It is understood that social marketing has the power to affect our behavior and thoughts through different adverting techniques, for instance, which often have a visual impact on people. Most times it is used to promote marketing goods or ideas that enhance the image of a certain company and has the ability to “play with our heads” – in the good and in the bad. However, some consider social marketing to do little to achieve noncommercial goals, but this is a dangerous oversimplification and underestimation of the influence of social marketing. “In an age of climate change, environmental destruction, natural resource shortages, fast population growth, hunger and poverty, as well as insufficient social services, what contributions might marketing make?” (Serrat, 2010)
To begin with, I want to illustrate how the word “social” in particular is crucial here and why it has to do both with the way of marketing needed and climate change itself. First of all it can be considered a social problem because it affects almost everyone (for instance global warming) whether in varying intensity. There are many people suffering of pollution and environmental damages in many different ways. Furthermore “social sciences hold the key to the solution of the severe environmental problems” because “humans have come to dominate earth systems thanks to the power of social cooperation.”(Laurent)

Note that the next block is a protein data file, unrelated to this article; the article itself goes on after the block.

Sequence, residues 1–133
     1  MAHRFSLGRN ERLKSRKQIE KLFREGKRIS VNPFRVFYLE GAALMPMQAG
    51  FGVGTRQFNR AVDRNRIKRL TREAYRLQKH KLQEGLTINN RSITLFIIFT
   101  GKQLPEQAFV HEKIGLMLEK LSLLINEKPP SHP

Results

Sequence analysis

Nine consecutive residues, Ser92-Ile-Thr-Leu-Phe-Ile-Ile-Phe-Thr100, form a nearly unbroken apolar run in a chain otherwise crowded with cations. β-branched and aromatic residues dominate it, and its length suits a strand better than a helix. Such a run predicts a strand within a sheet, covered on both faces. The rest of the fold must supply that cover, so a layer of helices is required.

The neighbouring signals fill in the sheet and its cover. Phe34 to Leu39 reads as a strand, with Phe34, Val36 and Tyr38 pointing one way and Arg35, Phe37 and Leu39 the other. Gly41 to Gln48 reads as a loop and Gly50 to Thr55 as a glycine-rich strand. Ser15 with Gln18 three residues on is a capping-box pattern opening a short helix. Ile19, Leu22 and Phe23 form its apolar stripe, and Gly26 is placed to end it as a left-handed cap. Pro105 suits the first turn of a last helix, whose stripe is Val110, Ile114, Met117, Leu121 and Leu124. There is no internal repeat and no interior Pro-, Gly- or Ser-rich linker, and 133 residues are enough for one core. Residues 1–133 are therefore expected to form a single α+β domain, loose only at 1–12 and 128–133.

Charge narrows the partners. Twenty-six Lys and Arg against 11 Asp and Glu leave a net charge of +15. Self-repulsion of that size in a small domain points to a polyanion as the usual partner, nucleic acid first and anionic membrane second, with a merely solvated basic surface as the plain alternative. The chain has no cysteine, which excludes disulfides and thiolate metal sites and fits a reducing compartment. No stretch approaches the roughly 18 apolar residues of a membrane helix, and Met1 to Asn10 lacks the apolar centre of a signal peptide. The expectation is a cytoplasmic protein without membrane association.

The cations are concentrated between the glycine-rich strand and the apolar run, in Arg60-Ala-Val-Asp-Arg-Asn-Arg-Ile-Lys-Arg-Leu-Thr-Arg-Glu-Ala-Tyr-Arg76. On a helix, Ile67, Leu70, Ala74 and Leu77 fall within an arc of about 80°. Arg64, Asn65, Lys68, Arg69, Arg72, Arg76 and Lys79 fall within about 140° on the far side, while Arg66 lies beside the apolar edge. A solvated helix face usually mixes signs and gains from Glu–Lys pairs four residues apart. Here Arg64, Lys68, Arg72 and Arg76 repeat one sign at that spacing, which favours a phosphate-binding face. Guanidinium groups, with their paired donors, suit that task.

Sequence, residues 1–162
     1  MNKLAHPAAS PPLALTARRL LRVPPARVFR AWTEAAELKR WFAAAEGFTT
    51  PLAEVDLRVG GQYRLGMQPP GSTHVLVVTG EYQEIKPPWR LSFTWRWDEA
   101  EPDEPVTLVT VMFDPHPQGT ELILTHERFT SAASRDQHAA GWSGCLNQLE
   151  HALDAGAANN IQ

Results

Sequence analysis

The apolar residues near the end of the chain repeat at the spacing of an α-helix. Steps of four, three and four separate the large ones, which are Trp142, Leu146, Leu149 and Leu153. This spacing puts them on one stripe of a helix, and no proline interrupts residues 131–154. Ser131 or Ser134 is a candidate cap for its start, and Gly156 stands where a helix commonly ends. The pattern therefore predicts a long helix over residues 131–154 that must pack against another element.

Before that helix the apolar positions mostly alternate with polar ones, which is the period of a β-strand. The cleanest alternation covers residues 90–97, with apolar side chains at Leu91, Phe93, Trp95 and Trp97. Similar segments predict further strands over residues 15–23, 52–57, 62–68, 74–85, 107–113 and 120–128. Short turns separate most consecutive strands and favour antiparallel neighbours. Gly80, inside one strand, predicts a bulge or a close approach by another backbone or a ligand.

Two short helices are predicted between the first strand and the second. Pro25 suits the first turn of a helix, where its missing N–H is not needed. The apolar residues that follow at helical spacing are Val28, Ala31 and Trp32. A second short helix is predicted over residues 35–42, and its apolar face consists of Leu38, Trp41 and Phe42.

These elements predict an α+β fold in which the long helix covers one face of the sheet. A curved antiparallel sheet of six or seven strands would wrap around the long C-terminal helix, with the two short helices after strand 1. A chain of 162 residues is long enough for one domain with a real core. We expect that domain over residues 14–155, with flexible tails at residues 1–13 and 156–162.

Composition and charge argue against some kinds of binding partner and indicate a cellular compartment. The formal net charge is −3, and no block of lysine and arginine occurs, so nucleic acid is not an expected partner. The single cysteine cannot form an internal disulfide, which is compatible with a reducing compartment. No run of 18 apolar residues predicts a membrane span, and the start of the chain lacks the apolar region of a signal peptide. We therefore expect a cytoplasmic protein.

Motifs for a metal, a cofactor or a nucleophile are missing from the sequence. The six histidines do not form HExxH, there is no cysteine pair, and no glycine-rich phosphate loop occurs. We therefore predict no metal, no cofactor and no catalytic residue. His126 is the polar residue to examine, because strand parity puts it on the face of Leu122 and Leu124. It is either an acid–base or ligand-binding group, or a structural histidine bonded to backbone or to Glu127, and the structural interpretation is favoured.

Finally social problems and environmental problems depend on each other or rather are interdependent.
Contrary to Mancur Olson’s “logic of collective action” the environment can be much better protected by a larger heterogeneous group of people than by some individual persons. (cf. pg 10). Therefore we need a demand in society for environmental protection. Besides we need a strong society for rescuing the people after “natural disasters”.
Now, from an other point of view, a social problem often needs solution strategies of a social nature, therefore that is a good moment for marketing to step in; the atmophere where it operates is mainly collective and affiliates a lot of people, this way the message is more efficiently conveyed. As mentioned, social marketing “is no longer a mere function used to increase business profits” but more like a social process – “composed of human behavior patterns concerned with exchange of resources or values” – as well as “organizing the creation, communication, and delivery of products and services to meet their desires as well as the needs of society, and solve serious social problems”. (Serrat,2010) This being said, communication and marketing interventions show to have considerable potential to promote important population behavior change objectives by providing potential target audiences with programs that contain the attributes of effective climate change messages.
Good examples about raising awareness about climate change and enhancing behavioral change in people through social marketing are for example campaigns with social or environmental objectives, undertaken by government or non-governmental organizations. (WWP)